Firstly, he should have responded to the notification from the losing service provider by stopping the transfer. It's never a good idea to allow a mistaken transfer to proceed - if you wish to switch to the gaining provider, stop the transfer process and start it again on a proper footing to prevent this sort of mess.
Secondly, he should not have attempted to deal with TalkTalk in relation to the mistakenly provided services, other than working with TalkTalk to transfer service back to a provider of his choosing. Making use of the services knowing that they are not provided for his benefit could constitute fraud by false representation contrary to section 2 of the Fraud Act 2006 - though it is debatable whether the original poster's actions are dishonest in the legal sense (dishonest according the standards of ordinary and reasonable people, and the subject realised their actions were dishonest according to those standards). No offence has been committed if the actions were not legally dishonest.
If the losing provider issued the notifications required by regulation at the appropriate time, they are not negligent, and the contract with the losing provider was correctly brought to an end. Contract law does not sit in isolation - if the law lays down a process by which a service is transferred to another provider, and the transfer process was correctly followed, the contract with the losing provider ends on transfer despite the customer's lack of explicit instructions to the losing provider to terminate the contract.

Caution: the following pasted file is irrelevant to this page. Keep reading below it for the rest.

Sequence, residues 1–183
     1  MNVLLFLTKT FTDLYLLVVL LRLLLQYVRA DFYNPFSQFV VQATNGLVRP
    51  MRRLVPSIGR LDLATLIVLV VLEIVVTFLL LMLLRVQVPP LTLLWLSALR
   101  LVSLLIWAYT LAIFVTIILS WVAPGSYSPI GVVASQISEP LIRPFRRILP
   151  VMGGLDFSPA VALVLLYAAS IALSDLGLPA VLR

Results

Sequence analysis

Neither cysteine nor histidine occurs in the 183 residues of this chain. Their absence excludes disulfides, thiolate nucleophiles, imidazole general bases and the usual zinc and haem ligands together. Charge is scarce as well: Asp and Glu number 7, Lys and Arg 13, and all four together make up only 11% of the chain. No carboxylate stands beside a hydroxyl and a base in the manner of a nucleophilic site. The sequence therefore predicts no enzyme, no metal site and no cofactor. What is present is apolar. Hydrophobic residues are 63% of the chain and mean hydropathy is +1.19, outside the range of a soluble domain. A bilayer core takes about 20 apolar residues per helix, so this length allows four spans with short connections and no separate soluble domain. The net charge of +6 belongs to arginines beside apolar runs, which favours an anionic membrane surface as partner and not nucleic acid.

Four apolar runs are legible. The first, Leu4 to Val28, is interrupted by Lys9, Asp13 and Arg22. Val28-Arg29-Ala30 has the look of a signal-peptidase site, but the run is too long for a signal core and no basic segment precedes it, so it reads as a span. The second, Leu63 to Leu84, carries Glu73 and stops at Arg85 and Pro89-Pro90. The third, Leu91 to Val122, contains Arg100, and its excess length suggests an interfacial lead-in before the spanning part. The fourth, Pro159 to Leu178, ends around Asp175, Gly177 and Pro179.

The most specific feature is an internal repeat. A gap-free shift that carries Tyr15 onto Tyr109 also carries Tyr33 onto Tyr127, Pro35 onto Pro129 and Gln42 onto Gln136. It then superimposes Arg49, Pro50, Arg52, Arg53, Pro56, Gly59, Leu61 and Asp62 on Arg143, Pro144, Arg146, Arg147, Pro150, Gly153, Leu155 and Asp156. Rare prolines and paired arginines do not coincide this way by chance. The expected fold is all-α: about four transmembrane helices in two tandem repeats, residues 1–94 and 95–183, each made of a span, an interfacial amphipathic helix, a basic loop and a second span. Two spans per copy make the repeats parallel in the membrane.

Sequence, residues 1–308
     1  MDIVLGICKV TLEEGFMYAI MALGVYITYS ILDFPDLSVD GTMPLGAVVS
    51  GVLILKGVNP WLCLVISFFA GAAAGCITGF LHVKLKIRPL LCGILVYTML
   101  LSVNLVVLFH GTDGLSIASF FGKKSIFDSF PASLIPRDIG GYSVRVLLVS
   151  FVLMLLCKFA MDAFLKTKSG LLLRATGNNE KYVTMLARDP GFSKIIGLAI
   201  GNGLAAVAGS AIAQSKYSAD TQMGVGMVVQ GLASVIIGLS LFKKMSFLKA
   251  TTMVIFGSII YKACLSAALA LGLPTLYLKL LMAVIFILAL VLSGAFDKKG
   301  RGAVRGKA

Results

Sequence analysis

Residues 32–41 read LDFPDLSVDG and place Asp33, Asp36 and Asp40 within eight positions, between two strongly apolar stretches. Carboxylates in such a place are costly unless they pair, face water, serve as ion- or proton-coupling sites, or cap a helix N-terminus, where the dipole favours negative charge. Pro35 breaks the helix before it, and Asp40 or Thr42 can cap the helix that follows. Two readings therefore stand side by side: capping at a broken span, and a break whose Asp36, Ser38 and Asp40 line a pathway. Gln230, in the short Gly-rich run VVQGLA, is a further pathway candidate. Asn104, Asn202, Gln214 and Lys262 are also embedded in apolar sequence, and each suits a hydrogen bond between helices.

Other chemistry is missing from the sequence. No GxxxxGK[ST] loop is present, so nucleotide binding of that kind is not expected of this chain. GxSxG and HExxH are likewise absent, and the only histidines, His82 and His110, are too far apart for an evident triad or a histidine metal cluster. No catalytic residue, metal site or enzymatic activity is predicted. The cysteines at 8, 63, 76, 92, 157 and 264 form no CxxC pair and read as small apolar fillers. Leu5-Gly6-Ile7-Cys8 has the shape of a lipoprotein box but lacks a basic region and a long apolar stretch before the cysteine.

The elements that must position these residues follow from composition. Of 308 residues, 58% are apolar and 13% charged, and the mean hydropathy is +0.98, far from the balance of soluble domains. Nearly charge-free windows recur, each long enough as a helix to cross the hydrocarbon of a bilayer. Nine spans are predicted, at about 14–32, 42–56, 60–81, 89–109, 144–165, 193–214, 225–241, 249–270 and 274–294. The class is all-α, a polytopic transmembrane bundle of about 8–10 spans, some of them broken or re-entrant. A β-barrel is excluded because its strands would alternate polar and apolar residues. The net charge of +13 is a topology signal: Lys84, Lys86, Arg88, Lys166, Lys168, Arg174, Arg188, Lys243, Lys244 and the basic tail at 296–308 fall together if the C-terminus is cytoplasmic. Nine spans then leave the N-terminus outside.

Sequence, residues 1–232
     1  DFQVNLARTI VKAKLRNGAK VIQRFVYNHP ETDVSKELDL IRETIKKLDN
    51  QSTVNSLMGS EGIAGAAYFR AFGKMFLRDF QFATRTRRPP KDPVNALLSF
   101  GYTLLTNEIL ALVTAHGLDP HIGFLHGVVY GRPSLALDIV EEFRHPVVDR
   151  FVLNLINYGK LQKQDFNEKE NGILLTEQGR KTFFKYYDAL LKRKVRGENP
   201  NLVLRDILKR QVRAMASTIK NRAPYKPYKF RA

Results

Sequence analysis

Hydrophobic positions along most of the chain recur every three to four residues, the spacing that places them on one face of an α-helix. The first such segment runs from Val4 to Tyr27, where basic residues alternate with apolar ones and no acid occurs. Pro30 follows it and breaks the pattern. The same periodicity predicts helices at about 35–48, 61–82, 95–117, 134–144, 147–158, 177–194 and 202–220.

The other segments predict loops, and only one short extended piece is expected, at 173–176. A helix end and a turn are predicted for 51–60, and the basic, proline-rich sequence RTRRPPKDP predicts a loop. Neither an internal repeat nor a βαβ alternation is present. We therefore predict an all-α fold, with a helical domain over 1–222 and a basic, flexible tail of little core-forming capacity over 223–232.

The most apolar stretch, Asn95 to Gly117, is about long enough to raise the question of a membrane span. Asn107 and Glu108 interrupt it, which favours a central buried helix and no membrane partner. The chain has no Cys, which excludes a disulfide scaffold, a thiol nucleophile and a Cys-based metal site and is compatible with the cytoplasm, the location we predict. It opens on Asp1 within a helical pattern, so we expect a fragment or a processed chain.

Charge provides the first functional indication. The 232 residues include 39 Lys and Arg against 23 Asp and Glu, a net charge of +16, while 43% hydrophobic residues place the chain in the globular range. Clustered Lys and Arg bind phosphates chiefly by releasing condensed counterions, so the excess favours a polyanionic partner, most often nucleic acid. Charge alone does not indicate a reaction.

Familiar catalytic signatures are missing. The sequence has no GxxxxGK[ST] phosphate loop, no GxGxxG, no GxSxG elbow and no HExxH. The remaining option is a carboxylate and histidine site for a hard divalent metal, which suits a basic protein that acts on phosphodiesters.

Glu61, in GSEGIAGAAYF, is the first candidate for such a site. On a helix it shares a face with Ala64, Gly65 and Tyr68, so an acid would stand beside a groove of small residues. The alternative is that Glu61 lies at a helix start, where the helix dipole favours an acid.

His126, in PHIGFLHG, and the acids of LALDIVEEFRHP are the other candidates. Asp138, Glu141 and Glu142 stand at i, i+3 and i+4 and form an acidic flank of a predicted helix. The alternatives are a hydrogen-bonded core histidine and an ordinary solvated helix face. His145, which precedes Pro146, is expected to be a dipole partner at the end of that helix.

If the losing provider correctly followed their part of the transfer process, it is hard to see how they breached any duty of care they owed the original poster, which is the fundamental requirement to establish negligence. Contributory negligence would be a further hurdle, as it can be argued the original poster was negligent in not stopping the transfer from taking place.
Damages in tort (including negligence) are usually limited to direct financial loss, so there appears to be no route to claim for consequential matters such as alternative broadband provision. Even if consequential losses were claimable for, the concept of remoteness would limit damages to those directly flowing from the loss - the original poster certainly couldn't claim for the whole of a 24 month mobile broadband contract!
I think the original poster has three options to resolve this matter.
1. Instruct TalkTalk to cease the mistakenly provided services at his address.
2. Instruct TalkTalk to transfer the line to a provider of his choosing, on the basis it was mistakenly transferred to TalkTalk.
3. Instruct TalkTalk to set up an account in his name, and transfer service to that account.
I strongly suggest that "do nothing" is the wrong approach, as it may only make the situation harder to resolve in the future.
I agree with the suggestion that any dealings are best done by letter or fax, so as to be traceable. If using fax (yes, I know it's old school), it's important to print out a transmission report confirming receipt.
Nothing in this post constitutes formal legal advice. I am, in any case, a mere law undergraduate, who could well be talking rubbish.